It is highly unlikely that Kyrgyzstan will respect the ruling and pay out any cash. That leaves Stans the option of securing verdicts against one or more of the state’s foreign assets. And a logical one to go after would be Kyrgyzstan’s 32.7% stake in Centerra, currently worth almost $500 million.
An exchange of fire between troops on a disputed section of the Kyrgyzstan-Tajikistan border reportedly left at least one dead and several injured on July 10. Tensions have risen sharply again in this volatile part of the Fergana Valley after negotiations over a controversial road construction project fell apart earlier this week.
According to the Kyrgyz Border Service, about 30 Tajik citizens were trying to build a water pipeline from Kyrgyz territory to the Vorukh exclave, a parcel of Tajik territory surrounded entirely by Kyrgyzstan. Kyrgyz border guards demanded they stop, the Tajiks threw stones and eventually troops from the two sides exchanged fire.
According to the Tajik-language service of Radio Liberty, citing a local doctor in Vorukh, one Tajik national (apparently a civilian) died and five were injured in the exchange of fire. Dushanbe’s Asia-Plus news agency reports seven wounded. Tajikistan's Foreign Ministry says the Kyrgyz border guards picked a fight, shot without warning, and that the Tajik border guards did not fire a single shot.
Later in the day, the Kyrgyz Border Service said Tajik border guards had opened fire on another Kyrgyz checkpoint, this time with mortars and grenades.
That’s the lesson after a Chinese company appears to have bested a Russian one for the right to turn Kyrgyzstan’s main civilian airport into a strategic aviation “hub” for freight and passenger flights connecting Europe and Asia.
The Chinese maneuver would not have surprised anyone in a country where China is building almost everything, except that Kremlin-controlled energy giant Rosneft appeared to have had the deal to remodel Bishkek’s Manas International Airport in the bag. On February 19, Putin ally Igor Sechin, Rosneft’s chairman, and Kyrgyz First Deputy Prime Minister Djoomart Otorbaev (now prime minister), signed a memorandum on Rosneft’s interest in the airport and its lucrative fuel-distribution contracts.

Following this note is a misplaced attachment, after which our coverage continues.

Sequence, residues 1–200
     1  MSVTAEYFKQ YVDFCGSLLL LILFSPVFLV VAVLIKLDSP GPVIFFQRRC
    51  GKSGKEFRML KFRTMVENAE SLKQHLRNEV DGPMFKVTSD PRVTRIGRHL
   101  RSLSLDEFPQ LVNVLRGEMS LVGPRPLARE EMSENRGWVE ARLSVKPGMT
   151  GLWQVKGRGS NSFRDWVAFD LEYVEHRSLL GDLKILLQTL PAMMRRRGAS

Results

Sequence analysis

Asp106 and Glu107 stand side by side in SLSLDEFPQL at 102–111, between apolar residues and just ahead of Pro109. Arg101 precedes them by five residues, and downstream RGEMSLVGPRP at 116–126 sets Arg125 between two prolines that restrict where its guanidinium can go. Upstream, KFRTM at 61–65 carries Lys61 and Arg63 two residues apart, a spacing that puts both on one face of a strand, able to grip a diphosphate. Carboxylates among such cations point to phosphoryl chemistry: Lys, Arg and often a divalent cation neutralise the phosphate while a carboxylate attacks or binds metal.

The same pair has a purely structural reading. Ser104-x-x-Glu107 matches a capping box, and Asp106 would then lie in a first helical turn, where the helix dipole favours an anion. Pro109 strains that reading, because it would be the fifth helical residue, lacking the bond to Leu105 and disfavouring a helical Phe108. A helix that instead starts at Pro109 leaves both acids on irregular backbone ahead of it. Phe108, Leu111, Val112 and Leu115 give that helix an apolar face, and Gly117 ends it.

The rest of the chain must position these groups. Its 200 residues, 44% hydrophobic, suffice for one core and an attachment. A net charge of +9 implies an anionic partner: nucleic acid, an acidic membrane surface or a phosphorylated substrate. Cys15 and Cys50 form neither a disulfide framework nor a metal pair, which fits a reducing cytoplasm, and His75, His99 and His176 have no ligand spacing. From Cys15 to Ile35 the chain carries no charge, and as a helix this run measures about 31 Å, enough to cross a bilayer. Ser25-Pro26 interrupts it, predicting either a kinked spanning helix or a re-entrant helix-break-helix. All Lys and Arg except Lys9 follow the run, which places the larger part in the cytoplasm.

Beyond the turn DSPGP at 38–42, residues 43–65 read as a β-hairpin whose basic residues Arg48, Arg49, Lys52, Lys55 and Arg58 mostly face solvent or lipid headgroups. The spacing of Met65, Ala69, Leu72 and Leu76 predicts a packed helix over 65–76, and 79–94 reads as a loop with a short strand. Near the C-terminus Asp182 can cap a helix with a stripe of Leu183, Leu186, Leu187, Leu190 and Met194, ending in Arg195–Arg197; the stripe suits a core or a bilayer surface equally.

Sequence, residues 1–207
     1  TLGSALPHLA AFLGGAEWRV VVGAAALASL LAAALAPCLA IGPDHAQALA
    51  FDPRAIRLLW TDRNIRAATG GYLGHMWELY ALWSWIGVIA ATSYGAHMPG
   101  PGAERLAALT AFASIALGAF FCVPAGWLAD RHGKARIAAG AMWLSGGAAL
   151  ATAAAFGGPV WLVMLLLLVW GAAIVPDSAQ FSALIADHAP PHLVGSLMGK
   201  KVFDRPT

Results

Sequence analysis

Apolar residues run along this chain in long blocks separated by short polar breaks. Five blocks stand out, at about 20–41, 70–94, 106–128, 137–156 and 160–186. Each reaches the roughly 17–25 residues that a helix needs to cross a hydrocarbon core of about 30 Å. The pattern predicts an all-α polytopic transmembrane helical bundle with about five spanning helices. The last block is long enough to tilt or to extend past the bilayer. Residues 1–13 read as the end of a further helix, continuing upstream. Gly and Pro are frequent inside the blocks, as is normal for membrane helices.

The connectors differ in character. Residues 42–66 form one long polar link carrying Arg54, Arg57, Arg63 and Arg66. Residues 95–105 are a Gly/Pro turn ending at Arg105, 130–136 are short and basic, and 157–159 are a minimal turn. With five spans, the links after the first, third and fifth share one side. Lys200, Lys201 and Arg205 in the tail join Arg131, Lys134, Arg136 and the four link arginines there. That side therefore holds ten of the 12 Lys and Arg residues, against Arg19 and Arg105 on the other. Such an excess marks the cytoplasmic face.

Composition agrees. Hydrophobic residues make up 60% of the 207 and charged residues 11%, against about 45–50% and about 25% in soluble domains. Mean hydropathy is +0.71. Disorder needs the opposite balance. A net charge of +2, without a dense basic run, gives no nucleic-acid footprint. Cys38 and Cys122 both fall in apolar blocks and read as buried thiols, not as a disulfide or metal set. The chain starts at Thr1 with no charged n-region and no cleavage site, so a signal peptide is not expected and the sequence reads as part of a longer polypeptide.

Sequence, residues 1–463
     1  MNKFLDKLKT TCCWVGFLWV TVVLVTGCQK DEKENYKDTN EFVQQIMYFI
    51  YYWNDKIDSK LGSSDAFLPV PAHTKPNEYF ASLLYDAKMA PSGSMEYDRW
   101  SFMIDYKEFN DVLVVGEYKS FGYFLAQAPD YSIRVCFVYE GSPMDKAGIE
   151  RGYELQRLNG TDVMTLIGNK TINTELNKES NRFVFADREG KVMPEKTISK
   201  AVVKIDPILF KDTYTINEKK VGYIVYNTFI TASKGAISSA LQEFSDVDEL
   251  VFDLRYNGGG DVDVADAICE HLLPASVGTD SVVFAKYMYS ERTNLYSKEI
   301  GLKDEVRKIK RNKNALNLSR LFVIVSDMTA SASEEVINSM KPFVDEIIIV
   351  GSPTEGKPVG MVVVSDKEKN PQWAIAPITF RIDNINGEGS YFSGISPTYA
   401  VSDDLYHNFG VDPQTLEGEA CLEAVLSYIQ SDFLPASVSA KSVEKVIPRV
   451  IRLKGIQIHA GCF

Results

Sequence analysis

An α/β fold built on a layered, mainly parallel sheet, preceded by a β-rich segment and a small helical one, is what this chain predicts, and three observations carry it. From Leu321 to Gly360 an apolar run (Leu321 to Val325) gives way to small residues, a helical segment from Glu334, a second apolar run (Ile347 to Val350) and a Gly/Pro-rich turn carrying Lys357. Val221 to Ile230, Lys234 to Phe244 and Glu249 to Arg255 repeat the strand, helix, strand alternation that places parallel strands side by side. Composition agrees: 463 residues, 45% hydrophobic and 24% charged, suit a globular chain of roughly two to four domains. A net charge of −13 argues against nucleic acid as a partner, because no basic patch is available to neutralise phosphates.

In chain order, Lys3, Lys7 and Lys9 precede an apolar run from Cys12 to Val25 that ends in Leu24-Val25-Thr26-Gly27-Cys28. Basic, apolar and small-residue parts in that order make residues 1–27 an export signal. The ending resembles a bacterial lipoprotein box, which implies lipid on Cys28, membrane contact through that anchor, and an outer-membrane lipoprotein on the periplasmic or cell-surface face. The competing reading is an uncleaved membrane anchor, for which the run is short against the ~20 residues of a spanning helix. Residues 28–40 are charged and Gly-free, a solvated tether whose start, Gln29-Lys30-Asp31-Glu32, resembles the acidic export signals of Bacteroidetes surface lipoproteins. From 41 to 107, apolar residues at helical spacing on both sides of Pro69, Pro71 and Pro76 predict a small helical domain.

Fast forward five months and both Russian and Taiwanese media are reporting that Beijing Urban Construction Group will invest $1 billion in the makeover, a figure similar to the Rosneft deal. China Machinery Engineering Corporation will sign a $300 million deal for the country’s second airport, in the southern city of Osh—another asset that had interested Rosneft.
"So far these are memorandums of intention, but in the near future the fully planned projects will be ready," Kommersant quoted Kyrgyz Economics Minister Temir Sariyev as saying on July 4. The reports do not mention what share in the airports the Chinese will get.
In the corner of a small pizzeria in central Bishkek, an experiment is unfolding. Central Asia’s first and only bitcoin ATM converts dollars into the world’s most popular cryptocurrency. The machine – which looks like one of the city’s ubiquitous electronic pay terminals – offers a way to convert hard currency into a digital medium that is increasingly used in online transactions.
That could impact how Kyrgyzstan’s estimated one million migrant workers transfer their earnings home, says the machine’s owner, Emanuele Costa, an Italian financial analyst. The World Bank estimates that last year migrant remittances totaled the equivalent of 31 percent of Kyrgyzstan’s GDP. Most of that money, several billion dollars, was transferred through expensive, fee-based services like Western Union and Zolotaya Korona. Costa, a former analyst with Goldman Sachs, sees bitcoin as a low-cost, secure and confidential alternative.
Bitcoin, invented by a group of anonymous Internet users in 2009, is the first and most prominent digital cryptocurrency to gain wide circulation. Not controlled by national governments or banks, bitcoin offers a peer-to-peer encrypted payment system that can be readily converted into cash or, increasingly, used in exchange for products or services. Fees, when they exist, are agreed upon by users and are usually nominal. Bitcoin’s value fluctuates based on supply and demand; one bitcoin is currently worth about $642.
Though Costa is a staunch believer in bitcoin’s potential, he admits that it faces some hurdles. Foremost is a lack of understanding.